This faux news piece appeared (with a cool flying saucer picture) in the December 2009 issue of Humor Times. If I could make my scanner work, I'd a scanned it in with the picture and my first ever by line!

Balloon Boy Hoax Found to Be Hoax
Reported By Kate Morrison

FORT COLLINS, CO - Police in Fort Collins, Colorado today have announced that the Balloon Boy Hoax involving the Heene family, their son Falcon and a homemade balloon, was not a publicity stunt but a cover up for the boy’s attempt to release his parents in the balloon.

After hours of intense interrogation by police puppeteers, Balloon Boy Falcon Heene confessed that he wanted to get rid of his parents for cutting off his Club Penguin account. According to experts this isn’t the only incident involving conflicts between children and parents over Disney’s mega on-line game site that encourages social networking over actual play and rabid consumerism in children. Club Penguin administrators confirmed that the Heene’s Club Penguin account had been canceled just two days before the balloon incident.

According the Falcon Heene’s confession, he was going to crawl into the balloon and when his parents followed him in, he would jump out and release the balloon. “This is what started the confusion over who was in the balloon” said Fort Collins Police Chief.

Falcon reportedly showed police, using puppets that represented his parents, how they were always making him log off his Club Penguin account. “Log off NOW”” the boy made the mommy puppet say. Even more disturbing, using the daddy puppet, the boy showed police a violent re-enactment of his father ripping the wires from the back of the computer shouting “Enough of that damn thing -we’re leaving to look for UFOs!”

Evidence collected during the search of the Heene’s home included several cartoon like pictures believed to be drawn by Falcon. Police are working to verify that the crayons found in Falcon’s room match the ones used in the pictures. One frightening drawing shows the boy’s parents as stick figures floating off in a balloon into the clouds with large speech bubble saying “Help, Falcon, we wanna come home, we won’t boss you anymore!”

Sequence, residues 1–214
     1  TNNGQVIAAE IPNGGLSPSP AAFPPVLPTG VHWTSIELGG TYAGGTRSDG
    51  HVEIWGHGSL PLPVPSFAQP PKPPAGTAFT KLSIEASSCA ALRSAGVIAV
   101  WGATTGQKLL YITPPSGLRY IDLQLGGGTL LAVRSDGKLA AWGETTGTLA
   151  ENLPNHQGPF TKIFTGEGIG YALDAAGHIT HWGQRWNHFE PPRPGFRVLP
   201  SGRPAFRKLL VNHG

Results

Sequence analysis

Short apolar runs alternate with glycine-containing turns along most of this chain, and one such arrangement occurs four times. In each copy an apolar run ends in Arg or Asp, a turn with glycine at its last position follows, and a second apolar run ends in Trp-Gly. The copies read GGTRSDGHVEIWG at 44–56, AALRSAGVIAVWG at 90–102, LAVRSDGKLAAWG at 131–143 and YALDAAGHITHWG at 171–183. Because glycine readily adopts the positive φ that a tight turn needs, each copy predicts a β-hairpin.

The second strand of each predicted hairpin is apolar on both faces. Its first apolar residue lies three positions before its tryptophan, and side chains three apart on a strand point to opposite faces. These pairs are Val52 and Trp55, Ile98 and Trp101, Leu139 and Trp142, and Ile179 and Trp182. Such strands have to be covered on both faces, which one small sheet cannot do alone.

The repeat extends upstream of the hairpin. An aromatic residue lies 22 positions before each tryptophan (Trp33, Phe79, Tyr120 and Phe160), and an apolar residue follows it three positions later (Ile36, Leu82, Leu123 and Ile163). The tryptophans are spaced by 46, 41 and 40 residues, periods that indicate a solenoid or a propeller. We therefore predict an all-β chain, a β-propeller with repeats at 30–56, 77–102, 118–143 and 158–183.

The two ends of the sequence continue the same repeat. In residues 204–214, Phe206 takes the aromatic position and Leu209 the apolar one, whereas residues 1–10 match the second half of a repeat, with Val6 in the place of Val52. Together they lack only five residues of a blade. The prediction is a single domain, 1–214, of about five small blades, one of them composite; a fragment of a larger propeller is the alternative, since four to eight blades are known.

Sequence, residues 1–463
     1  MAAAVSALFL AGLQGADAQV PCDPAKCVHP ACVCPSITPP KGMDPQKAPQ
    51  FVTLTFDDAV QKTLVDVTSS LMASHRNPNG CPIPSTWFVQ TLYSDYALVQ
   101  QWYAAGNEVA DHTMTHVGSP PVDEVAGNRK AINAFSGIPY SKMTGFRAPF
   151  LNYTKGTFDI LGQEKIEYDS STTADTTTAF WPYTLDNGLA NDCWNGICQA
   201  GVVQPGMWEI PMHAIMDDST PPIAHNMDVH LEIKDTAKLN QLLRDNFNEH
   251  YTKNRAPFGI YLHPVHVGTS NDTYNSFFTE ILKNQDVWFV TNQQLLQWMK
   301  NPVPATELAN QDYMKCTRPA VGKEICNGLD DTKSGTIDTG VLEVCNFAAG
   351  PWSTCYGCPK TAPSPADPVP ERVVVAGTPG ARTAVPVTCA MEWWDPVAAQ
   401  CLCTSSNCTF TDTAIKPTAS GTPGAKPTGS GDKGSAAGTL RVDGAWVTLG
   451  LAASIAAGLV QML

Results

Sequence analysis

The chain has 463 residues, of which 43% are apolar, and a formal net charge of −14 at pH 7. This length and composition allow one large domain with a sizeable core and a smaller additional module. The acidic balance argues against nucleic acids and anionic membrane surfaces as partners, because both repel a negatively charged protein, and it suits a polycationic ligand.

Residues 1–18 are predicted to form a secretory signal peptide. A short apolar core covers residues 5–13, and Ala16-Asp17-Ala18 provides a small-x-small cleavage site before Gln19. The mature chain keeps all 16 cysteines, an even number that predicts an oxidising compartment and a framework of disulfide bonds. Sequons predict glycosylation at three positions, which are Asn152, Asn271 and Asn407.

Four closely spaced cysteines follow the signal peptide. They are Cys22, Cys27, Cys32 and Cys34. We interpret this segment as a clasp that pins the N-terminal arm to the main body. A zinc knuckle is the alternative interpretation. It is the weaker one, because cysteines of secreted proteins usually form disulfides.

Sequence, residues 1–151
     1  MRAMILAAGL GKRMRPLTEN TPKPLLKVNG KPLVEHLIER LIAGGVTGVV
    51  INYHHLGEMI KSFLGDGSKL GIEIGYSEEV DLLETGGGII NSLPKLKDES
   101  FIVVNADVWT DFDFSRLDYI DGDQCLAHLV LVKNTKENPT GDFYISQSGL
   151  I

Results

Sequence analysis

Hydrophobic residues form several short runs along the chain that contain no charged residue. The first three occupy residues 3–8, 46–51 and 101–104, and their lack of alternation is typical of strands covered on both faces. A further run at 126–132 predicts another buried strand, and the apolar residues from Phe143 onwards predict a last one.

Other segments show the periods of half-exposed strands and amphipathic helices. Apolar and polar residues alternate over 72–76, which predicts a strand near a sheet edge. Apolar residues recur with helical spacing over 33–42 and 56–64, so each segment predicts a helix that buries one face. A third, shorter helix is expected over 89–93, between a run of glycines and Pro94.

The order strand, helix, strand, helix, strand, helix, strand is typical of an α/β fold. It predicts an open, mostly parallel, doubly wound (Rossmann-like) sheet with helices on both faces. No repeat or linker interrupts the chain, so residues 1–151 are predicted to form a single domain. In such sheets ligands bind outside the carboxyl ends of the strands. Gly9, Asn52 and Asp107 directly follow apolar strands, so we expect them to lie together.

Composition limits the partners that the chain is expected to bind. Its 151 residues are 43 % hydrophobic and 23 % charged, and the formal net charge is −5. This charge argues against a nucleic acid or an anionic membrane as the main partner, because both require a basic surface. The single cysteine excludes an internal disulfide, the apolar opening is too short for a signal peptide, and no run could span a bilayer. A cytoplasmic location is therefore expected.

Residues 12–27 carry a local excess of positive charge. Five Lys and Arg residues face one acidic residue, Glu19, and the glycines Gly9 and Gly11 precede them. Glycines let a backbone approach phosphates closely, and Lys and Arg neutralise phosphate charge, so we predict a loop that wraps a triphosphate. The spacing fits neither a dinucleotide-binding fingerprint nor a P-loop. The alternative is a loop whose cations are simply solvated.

Falcon later told police his older brother had helped him with the spelling in his cartoon and in designing the plan to get rid of their parents via balloon. In a separate interview with police the older Heene boy confirmed his role, saying he wanted the mom back that they had in Wife Swap. “She was way hot” said the 12 year old.

Official charges against both boys are expected to be filed later today in Poudre Valley Juvenile Court.

Thursday, November 5, 2009

The Trouble With Antibiotics

‘Tis the season – H1N1 season that is, and I have a sick child. We’ll call him Sick Boy so as not to be confused with Obnoxious Boy or Oblivious Boy, the alternating personalities of his brother. I reluctantly take Sick Boy to see the doctor. I say reluctantly because we are compelled to visit the doctor for fear that we may have H1N1; yet we are loathe to go to the doctor’s office for fear we might get H1N1 there, assuming it’s not what we already have.

I pay my co-pay and growl at my children like a pit bull on a bone if they look like they might touch something. After what feels like hours, we are called from the germ cesspool into the small claustrophobic room where they close the door. Now we wait with the cat posters, mid-evil like equipment that looks painful and a cacophony of sounds coming from outside the door that make you want to run for your life.